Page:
Summing up reader responses, Professor Jim Heskett finds compelling arguments for a process involving intuition based on analysis and experience.
Dominant among these was that the best way to reach a decision depends on a number of factors, including the nature of the decision, the nature of the decider, the information available, history, experience, the number of deciders, and so forth. the lack of control (replicability)." Pallavi Marathe put it this way: "'Careful Decisions' is a paradox ….
Nevertheless, several comments reflected an uneasy fondness for a good dose of intuition in the mix. If there is past data available to help predict the future, it may be a good idea to refer to it.
Guy Gould-Davies' comment was particularly insightful: "The idea of using feeling in the context of decision making makes many people highly uncomfortable which is why intuition gets a bad rap. But in most cases, the decision maker is posed with a unique challenge." Vanitha Rangganathan, arguing for the role of intuition in the creative process, commented that "Experience makes us personally wiser ….
'Wisdom of crowds' breeds convenient conformity and creativity is often lost in the process." At the other end of the intuition-analysis spectrum, R. Saxena opined, "I believe intuition ought not to play any part ….
Sincere effort to harness all the collective wisdom coupled with a commitment to deliver the Complete Solution ought to be the key." Most argued for a process involving intuition based on analysis and experience.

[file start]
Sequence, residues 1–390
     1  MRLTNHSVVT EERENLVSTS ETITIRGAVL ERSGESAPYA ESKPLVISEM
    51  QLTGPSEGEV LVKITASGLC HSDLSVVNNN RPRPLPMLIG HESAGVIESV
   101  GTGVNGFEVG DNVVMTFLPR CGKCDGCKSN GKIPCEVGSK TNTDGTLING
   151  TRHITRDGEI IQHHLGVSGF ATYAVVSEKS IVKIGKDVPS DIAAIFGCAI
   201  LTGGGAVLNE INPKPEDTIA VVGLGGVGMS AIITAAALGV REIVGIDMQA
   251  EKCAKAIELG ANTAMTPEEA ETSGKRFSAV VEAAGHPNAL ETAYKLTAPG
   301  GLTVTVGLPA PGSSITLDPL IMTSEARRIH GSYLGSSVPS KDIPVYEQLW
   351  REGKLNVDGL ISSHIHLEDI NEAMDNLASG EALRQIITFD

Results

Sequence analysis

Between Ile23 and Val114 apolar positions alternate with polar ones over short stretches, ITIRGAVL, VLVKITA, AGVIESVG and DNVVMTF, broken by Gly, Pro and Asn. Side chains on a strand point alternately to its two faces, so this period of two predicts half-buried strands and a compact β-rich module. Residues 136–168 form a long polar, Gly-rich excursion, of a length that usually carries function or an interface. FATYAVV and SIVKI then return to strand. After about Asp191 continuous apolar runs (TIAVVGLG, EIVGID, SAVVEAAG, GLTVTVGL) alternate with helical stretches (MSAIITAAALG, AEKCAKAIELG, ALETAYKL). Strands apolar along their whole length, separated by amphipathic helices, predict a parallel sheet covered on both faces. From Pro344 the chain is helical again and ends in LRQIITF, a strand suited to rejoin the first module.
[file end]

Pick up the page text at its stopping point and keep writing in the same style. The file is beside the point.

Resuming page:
Rowland Freeman commented, "A great deal depends on the magnitude of the decision….The lesser the impact, go with experience and intuition." As Marlis K. the question should not be rational decision making OR intuition, but rather … while (a model) helps to diligently collect and analyze relevant data, it only gets you so far.how to combine both." David Kendall said, "In the most difficult case of no-time and high-risk, reliance on 'rational intuition' may be a preferred way to minimize direct and/or collateral damage if the decision goes wrong." Luis X. Add experience and it will get you a step further." Some of the most interesting comments raised questions about whether we should instead concentrate on ways to make our own decision-making processes more transparent to others and to ourselves.Edward Hare put it this way: "Openness and honesty are the sunlight that's needed to make …decision making as effective and efficient as it ought to be …." This may require a certain amount of self-awareness.Maree Conway said that "Our worldview conditions what we accept and don't accept as real, and this conditions how we make decisions.